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‘Hollow Calabash’ tops Barbados literary awards

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Sharma Taylor last weekend bucked what was beginning to resemble a trend of there not being a first prize winner of Barbados’ premiere writing arts award, Frank Collymore Literary Endowment (FCLE).

The hallmarks of her collection of short stories titled ‘Hollow Calabash’ were credited with attributes such as ‘compelling and vivid characters’ ‘novel story-telling angles’ and ‘easy to read’.

For 22 years, including last weekend, the FCLE has been annually awarding writers for excellence in works of drama, fiction, nonfiction, poetry, prose.

In the last two years, however, judges had determined that the quality of writing submitted was below standard and not worthy of the number one Endowment top prize, and that position was left open.

But this year the committee of judges said that beyond a shadow of a doubt they were impressed and one judge found Taylor’s work ‘unputdowna­ble’.

While Taylor picked up the $5,000 top prize, Claudia Clarke earned $3,000 and second place for her prose fiction titled, ‘CircleSquare’; and Anderson Lowe’s ‘Inside the Blackbelly Sheep’ got him the $2,000 that comes with third place.

Two honourable mentions went to Ingrid Persaud for her collection of short stories under the label ‘So it Go’, and Sarah Venable for her poems, ‘Tropic of Sweet and Sour’.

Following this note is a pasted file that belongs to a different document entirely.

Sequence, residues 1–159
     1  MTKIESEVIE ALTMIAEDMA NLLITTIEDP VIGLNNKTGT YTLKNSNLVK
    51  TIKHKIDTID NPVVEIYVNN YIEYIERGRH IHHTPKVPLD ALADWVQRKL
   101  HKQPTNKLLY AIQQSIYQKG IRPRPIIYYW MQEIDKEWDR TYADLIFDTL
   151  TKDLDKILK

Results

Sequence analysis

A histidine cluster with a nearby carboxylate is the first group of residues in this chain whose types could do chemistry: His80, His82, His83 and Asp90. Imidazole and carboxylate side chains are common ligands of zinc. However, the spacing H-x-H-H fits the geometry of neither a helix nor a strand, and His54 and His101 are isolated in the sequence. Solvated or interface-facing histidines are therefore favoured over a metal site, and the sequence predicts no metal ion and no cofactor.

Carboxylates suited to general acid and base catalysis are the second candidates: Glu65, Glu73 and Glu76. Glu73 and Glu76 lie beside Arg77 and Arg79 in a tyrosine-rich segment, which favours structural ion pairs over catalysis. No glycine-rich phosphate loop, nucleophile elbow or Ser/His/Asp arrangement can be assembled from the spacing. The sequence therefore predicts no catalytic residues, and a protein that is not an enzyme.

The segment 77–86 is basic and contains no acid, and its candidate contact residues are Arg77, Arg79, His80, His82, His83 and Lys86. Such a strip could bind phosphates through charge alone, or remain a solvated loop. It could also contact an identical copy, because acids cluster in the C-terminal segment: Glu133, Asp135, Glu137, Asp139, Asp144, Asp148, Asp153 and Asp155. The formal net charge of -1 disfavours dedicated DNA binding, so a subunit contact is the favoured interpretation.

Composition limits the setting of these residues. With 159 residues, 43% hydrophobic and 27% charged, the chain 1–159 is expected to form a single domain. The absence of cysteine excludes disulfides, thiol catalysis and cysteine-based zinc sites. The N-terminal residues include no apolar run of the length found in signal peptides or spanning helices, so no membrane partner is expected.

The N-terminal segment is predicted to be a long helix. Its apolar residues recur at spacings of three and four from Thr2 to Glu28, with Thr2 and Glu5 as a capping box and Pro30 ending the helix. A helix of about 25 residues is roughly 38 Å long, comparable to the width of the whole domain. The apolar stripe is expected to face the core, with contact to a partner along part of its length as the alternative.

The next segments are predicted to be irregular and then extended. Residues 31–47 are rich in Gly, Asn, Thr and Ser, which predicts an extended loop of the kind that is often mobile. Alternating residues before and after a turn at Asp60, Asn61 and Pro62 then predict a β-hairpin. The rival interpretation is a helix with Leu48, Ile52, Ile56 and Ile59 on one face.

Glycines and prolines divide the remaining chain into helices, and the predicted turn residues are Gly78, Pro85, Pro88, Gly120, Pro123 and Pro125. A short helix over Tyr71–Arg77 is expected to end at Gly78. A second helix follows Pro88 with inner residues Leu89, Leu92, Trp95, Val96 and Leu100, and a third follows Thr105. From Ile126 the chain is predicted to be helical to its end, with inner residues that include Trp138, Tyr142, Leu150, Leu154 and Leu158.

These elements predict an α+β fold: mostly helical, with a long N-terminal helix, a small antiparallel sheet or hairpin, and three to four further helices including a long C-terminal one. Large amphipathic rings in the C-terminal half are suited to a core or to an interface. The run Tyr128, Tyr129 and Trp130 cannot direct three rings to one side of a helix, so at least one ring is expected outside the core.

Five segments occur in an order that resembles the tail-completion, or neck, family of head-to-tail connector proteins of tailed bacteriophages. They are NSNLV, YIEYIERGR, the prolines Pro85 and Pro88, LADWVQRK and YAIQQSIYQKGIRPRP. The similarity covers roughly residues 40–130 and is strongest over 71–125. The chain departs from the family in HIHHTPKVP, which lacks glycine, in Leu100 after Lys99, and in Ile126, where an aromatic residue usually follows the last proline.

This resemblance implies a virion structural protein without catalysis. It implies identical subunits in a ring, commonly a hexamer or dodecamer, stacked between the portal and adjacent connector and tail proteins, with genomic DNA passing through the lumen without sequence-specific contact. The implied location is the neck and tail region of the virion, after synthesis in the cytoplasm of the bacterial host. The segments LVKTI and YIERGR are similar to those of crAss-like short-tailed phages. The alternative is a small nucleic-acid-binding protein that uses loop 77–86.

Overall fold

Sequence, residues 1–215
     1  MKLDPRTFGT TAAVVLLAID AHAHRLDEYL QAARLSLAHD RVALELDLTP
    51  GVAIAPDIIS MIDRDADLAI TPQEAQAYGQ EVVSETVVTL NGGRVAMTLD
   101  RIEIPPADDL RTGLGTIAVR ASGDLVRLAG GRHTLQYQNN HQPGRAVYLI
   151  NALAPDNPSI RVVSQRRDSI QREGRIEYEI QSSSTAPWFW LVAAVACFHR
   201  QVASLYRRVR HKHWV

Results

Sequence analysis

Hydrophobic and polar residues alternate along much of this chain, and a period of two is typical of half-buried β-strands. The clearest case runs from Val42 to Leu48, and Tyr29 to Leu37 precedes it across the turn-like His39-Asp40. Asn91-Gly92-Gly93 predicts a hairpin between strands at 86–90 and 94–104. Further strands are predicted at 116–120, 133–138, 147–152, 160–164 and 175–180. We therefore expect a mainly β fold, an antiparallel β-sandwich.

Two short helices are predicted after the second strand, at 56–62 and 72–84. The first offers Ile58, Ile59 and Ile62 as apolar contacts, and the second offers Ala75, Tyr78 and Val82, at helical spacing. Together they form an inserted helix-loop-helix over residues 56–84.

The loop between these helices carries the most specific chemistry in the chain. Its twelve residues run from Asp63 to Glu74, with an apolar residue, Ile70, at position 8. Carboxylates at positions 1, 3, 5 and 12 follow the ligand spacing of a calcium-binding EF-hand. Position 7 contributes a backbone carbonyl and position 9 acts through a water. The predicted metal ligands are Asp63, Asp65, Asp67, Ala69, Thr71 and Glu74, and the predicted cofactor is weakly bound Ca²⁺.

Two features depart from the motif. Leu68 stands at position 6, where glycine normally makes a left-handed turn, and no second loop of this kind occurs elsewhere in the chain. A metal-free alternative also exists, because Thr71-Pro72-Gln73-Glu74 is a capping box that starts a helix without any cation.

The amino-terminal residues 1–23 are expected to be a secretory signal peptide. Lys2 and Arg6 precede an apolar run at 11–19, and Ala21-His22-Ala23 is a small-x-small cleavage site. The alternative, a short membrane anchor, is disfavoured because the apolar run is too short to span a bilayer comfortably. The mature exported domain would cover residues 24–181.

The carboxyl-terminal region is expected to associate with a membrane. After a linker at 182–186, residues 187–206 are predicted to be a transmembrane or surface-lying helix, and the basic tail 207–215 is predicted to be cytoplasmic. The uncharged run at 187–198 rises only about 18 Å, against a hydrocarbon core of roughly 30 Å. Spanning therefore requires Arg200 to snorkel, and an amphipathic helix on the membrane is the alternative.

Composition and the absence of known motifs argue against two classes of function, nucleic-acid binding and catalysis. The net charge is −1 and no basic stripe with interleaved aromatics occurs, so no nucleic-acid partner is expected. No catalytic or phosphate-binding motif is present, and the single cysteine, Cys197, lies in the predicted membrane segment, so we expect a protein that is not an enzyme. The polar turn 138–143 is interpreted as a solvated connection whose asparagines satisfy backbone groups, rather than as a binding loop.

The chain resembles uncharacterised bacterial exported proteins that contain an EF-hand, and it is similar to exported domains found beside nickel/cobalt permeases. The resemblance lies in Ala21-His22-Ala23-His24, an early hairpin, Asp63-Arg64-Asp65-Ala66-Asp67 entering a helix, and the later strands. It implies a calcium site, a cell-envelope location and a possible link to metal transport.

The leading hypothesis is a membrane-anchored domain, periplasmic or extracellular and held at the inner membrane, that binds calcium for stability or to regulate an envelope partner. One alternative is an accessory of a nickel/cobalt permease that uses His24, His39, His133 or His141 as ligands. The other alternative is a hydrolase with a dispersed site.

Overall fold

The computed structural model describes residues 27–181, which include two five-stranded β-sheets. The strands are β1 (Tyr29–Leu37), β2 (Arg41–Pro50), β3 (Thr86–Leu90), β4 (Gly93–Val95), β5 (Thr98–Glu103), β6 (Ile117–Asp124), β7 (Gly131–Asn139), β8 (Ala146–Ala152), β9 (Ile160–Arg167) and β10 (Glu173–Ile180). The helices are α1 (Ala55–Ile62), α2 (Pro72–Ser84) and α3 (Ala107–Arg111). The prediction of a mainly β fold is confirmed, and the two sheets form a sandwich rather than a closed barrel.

“This year we’ve been particularly impressed not just with the three winners, first, second and third [places], remarked the MC and committee member, Dr Yvonne Weekes. “Remember there’ve been a couple of years when we didn’t have a first prize winner.

“We are so excited that we have three winners this year as well as two honourable mentions.”

Taylor, a Jamaican resident in Barbados, wrote her ‘Hollow Calabash’ in a predominantly Jamaican dialect, and according to the citation it “offers novel story-telling angles, is easy to read”.

Her short stories are said to be, “driven by compelling and vivid characters, who are trying to reclaim things that have lost, or to fill the emptiness inside”.

Peculiarities in Claudia Clarke’ character portrayal was also hailed.

“The characters are highly relatable, the Coo Coo well stirred, the steamed flying fish buckled back as folks contrive to make the most of life in this contrary geometric construct known as CircleSqua­re.”

Anderson Lowe’s 11 short pieces for ‘Inside the Blackbelly Sheep’ “reflect a close understanding of Barbadian life and mores. ... The collection does not shy away from examining delusion, back-biting and hypocrisy. A major strength of the collection is its satirical clear-eyed and unromantic tone”.

Chairperson of the FCLE committee, Barbados poet laureate Esther Phillips, said “several scripts were eliminated early in the competition because the work submitted was not substantial enough for us to make a reasonable assessment”.

Consistent with the top three winners and one honourable mention being prose fiction entries, she added, “the short fiction entries showed a reasonably good understanding of character; plot and dialogue”.

In spite of many of the poetry entries revealing ‘genuine emotion’, she reported that however, “for the most part the poetry submitted read too much like prose simply separated into lines”.

Nonetheless the chairperson remarked, “I am personally gratified to see that individuals are becoming more and more confident that our own life in the Caribbean is worth writing about”.

She said regional writers “must see the value of recording our own authentic Caribbean experience”

Posted 4:42 pm, January 20, 2020
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